6 Secrets of Middle Tennessee Real Estate Investment

6 Secrets of Middle Tennessee Real Estate Investment


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Real Estate Investment

Whether you are looking to begin building a nest egg or to diversify your already extensive portfolio, real estate investment can be a smart financial decision.

If you invest wisely, you will see stable, long-term profit that increases over time. Yet, real estate investment is not for the faint of heart—or the empty of pocket. Risks and upfront costs are high.

Here are 6 secrets of real estate investment to help you navigate towards a bright financial future:

  1. Use comparable properties to estimate value.

Wondering how much you should invest in a property?

Examine properties of similar size and style in your neighborhood of interest. If any properties have sold recently, you can use their sale price as an estimate of how much you should pay. If other properties are renting, you can use their rent as an estimate for how much you should expect to get payed. Also keep an eye out for pages crowded with rental advertisements or advertisements that speak desperation. If other rental properties are struggling, the market may not support you adding yourself to the fray.

  1. Get a tax estimate.

Property taxes can be quite a chunk of change, and you can’t assume that the taxes you pay on the property will be the same as the taxes the previous owner paid. Get an estimate from the county assessor to make sure you know how much to set aside for taxes. Consult a tax advisor to make sure you are getting every possible deduction.

  1. Get an insurance quote.

Another hefty expense of property ownership is insurance. Make sure you shop around with quotes from several agencies before committing to one, and make sure you cover all your bases (tornado, flood, theft, etc).

  1. Be present for inspections.

You can outsource many parts of your property hunt to a real estate agent, but when it comes time for a property inspection, make sure you are present. Being on-site allows you to get more detailed information from the inspector about any problems he or she sees. Inspectors are often prohibited from quoting repair expenses on their official inspection report, but that doesn’t mean they can’t give you a hint of the repair costs on site. You will also have the opportunity to ask any nagging questions you have, which may or may not come up in the inspection report.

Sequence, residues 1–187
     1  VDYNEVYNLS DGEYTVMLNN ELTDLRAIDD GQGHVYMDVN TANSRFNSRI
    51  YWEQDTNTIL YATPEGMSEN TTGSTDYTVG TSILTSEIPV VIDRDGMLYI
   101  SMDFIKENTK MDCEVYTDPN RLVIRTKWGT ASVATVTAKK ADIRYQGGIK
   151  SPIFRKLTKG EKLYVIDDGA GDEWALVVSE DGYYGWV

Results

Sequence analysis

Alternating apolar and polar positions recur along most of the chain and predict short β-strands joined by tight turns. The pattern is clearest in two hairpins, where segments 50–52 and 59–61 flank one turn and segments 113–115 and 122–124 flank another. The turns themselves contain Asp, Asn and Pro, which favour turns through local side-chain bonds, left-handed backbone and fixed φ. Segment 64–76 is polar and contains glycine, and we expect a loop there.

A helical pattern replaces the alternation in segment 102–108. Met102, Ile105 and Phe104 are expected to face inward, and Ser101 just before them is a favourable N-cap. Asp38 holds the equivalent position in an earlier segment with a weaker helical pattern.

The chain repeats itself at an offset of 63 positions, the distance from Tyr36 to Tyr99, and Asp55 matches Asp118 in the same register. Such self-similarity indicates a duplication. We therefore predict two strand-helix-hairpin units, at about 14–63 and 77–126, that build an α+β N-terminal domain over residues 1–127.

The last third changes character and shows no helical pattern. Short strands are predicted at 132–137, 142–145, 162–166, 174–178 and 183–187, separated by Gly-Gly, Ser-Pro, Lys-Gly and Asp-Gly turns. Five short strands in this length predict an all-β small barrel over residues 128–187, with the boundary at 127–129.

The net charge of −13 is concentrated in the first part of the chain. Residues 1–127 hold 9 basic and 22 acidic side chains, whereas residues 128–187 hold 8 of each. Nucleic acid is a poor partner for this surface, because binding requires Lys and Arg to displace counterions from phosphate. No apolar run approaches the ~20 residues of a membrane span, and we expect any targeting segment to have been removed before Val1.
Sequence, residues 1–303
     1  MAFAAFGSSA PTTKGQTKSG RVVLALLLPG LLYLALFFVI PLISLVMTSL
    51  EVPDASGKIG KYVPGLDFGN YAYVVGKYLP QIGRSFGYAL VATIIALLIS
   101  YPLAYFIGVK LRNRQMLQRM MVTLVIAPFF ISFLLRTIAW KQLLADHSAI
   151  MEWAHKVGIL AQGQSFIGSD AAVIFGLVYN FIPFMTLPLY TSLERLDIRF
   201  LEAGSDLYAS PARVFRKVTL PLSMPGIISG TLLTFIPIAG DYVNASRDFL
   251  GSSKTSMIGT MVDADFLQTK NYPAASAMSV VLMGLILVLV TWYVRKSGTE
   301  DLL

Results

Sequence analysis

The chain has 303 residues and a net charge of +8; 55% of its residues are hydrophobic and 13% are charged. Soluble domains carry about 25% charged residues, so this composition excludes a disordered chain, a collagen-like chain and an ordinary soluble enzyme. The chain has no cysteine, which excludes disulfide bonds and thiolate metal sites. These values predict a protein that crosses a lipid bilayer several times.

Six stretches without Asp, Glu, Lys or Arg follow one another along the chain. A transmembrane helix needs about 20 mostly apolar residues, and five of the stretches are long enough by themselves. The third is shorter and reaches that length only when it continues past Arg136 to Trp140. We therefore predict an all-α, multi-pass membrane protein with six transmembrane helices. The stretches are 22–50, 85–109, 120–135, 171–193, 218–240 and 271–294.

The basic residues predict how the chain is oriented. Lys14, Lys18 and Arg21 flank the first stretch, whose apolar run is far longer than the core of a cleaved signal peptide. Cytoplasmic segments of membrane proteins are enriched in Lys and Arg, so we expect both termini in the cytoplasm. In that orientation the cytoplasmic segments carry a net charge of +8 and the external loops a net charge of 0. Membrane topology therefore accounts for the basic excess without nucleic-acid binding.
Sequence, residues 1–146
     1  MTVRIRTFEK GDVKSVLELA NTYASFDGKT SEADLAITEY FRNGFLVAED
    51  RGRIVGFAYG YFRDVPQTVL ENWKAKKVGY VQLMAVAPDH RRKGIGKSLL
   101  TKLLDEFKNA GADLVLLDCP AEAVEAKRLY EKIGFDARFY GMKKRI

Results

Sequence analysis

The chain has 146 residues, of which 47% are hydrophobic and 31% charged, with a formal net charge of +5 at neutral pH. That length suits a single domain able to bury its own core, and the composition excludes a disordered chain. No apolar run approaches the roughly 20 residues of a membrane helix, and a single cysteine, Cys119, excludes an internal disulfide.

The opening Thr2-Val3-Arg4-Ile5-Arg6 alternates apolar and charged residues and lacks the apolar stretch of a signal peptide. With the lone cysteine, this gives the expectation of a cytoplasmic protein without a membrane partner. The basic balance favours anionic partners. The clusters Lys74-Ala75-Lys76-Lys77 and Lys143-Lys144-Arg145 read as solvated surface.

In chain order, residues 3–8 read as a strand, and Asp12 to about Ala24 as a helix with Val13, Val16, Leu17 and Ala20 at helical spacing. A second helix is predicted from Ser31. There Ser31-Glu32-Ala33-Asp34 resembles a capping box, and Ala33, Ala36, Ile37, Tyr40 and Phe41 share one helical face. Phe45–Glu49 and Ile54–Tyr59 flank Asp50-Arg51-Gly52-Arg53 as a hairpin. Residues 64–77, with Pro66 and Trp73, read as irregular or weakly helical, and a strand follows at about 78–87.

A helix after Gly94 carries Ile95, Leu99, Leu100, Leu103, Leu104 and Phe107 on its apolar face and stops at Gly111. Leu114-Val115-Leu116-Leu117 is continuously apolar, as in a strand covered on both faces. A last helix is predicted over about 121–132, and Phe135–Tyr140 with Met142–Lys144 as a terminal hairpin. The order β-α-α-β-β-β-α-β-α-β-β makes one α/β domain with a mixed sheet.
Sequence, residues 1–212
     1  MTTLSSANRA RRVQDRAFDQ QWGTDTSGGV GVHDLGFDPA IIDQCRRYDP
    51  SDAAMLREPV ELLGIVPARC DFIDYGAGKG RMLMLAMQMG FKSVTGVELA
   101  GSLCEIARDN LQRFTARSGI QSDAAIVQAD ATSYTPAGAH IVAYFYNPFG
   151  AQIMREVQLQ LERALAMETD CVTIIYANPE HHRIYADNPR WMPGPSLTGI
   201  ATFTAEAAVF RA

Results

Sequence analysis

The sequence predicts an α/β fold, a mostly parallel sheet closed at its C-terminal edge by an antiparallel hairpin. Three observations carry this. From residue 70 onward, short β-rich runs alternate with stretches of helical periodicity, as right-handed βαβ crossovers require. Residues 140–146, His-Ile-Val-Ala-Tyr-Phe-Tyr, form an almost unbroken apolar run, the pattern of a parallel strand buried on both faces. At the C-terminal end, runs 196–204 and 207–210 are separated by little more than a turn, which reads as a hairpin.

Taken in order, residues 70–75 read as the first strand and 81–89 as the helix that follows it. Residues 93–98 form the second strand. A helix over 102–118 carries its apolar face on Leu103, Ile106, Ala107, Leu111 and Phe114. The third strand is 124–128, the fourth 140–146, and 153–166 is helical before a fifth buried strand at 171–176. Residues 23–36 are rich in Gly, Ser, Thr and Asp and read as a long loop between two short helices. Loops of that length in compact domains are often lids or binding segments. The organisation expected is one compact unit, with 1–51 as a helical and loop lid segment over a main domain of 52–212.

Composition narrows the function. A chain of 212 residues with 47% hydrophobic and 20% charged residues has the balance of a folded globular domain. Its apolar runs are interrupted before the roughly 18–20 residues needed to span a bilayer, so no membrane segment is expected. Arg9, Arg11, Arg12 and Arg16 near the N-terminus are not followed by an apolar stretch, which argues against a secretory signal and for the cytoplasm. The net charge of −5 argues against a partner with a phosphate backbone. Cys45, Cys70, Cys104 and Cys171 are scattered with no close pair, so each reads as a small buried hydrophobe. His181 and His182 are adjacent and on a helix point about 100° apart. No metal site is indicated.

1. Develop a specialty.

The more knowledgeable you are about a property, the better your chances on capitalizing on all of its selling points and minimizing its flaws. Your authority will also inspire the confidence of potential buyers or tenants. Possible niche markets are fixer-uppers, small apartment building, duplexes, condominiums, etc.

  1. Know your tenants.

For most real estate investments, the money you make comes from the tenants in your home—and sometimes, the expenses you have to pay come from the damage a tenant does to your home.

Know what kind of tenant would be interested in your home so that you can market effectively. Do you own a duplex in a college town? A single-family home in suburbia? Market accordingly.

Screen tenants carefully before you sign a lease. Make sure their credit scores are high, meaning that they are more likely to pay rent on time month after month. Make sure they don’t have any felonies in the past. Also make sure you meet your tenants in person. If your senses start tingling, back out before it’s too late!

And the ultimate secret of real estate investment? Work smarter, not harder. Always take the time to educate yourself before you invest. When you go in to an investment situation with a savvy mind, you will come out with a fat pocket.

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